Peter Hook & the Light, live at Leeds’ Cockpit review, 25th October 2013

Peter Hook And The Light logoPeter Hook & the Light live review from the recent Gig at Leeds’ Cockpit.

Runner-up in the grumpiest man in Manchester stakes, Peter Hook still had music fans grinning from ear to ear when he crossed the Pennines to play the Cockpit in Leeds for a sweat-soaked bass-heavy romp through the first part of his considerable career.

“Hooky” was his own support act, running through a selection of Joy Division songs with his band the Light, and catching out anyone who didn’t arrive at 7.30pm prompt, before returning after a short break to play New Order’s first two albums Movement and Power, Corruption & Lies in their entirety. Movement, recorded just after the death of Joy Division frontman Ian Curtis, is darker in tone and the new band formed from the remains of the old still had to refine the mix of electronics and post-punk rock that made them famous.

So it was probably a bit heavy going for some of the younger people in the crowd (and yes there were some) who were expecting a few more of New Order’s greatest hits, but it was a treat for those who hadn’t heard this stuff played live for years.

However, by the second album the New Order had found its voice and the second half of the concert had plenty of songs to get men and women old enough to know better storming the front of the stage with arms raised in ecstatic jubilation.

And this wasn’t just a homage to album tracks for hardcore fans. A couple of singles from the appropriate era were sneaked in, including the most famous of all, Blue Monday, played first the way it was originally intended with computers belting out the famous rhythms while the band sneaked off-stage. But then they returned to play it live as the last song of the set, sending the crowd out into the streets surprisingly early, but anything but blue.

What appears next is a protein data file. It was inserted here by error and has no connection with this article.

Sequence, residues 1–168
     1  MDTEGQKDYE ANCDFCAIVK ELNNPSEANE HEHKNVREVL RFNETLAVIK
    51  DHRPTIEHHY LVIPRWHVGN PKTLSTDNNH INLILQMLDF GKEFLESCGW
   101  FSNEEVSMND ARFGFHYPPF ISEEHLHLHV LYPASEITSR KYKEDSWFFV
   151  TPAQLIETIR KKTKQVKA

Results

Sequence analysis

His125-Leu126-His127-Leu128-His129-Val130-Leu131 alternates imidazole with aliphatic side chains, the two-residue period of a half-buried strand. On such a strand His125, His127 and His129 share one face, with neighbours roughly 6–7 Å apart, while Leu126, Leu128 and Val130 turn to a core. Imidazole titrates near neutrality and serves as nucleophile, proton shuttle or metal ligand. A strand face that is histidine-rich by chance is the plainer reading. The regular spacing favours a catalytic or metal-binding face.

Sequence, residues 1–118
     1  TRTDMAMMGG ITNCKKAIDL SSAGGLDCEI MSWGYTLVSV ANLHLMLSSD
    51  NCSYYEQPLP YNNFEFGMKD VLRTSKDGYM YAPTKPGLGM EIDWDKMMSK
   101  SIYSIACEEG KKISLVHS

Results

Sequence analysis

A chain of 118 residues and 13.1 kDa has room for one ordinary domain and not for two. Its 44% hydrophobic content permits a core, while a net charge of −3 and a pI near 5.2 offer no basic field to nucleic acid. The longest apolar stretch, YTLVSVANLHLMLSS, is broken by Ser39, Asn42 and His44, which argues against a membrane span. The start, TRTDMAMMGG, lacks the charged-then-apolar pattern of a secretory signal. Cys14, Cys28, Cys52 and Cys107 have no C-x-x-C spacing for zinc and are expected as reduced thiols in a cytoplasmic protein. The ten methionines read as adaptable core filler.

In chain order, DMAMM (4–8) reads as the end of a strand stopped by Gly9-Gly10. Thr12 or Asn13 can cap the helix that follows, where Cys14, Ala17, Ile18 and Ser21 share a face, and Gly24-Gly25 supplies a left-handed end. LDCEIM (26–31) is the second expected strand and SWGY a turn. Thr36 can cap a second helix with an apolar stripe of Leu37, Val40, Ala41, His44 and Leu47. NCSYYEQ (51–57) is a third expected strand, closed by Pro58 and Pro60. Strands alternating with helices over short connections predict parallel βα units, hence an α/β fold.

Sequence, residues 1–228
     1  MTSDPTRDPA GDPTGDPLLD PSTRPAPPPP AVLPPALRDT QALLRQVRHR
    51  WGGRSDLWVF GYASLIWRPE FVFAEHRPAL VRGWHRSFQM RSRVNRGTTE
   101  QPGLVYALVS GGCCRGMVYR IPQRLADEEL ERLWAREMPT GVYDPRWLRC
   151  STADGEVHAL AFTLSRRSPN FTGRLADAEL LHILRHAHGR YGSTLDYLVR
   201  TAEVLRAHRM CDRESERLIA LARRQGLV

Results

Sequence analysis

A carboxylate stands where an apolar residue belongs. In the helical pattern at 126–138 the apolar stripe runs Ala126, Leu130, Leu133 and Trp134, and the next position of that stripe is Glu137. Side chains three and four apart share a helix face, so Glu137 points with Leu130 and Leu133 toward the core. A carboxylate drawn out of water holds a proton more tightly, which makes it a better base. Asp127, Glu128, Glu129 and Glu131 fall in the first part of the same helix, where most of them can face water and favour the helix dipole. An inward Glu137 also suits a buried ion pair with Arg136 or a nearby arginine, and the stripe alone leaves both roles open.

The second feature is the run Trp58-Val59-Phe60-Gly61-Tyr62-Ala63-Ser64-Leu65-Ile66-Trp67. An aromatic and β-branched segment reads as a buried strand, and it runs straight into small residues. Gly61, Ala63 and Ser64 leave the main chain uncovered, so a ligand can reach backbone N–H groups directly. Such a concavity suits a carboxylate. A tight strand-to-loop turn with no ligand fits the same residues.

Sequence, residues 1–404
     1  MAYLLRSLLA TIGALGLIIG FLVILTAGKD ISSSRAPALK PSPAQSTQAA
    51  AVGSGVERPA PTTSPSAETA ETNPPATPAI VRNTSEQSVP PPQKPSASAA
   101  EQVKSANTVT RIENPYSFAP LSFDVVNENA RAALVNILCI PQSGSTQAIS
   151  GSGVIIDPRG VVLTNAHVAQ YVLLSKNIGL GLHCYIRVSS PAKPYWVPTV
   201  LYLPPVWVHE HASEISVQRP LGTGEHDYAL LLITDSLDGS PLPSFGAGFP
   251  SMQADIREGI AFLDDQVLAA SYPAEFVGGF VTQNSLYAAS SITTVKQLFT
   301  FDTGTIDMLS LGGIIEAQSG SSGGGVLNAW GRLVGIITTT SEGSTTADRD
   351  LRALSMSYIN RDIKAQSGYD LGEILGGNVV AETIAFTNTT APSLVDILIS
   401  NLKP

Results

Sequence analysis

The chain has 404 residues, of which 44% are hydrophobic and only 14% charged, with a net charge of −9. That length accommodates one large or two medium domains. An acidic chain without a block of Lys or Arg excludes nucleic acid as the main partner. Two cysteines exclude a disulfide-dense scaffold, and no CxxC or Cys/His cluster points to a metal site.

Yes, Hooky’s voice was often an inaudible growl, but Manchester has a long tradition of great bands with lousy singers. The diamond in the rough, a glimpse of a rainbow over the rain-soaked motorway is where the emotional power of northern music comes from. It wasn’t quite as thrilling as Hooky’s appearance at the Cockpit last year when he seemed determined to play every song he knew for the sheer joy of performing before a live audience, dragging people back from the exit as he hit the stage one more time. But it came a close second to one of the best live concerts I’ve seen in years.

via Gig review: Peter Hook, Leeds Cockpit – Yorkshire Evening Post.

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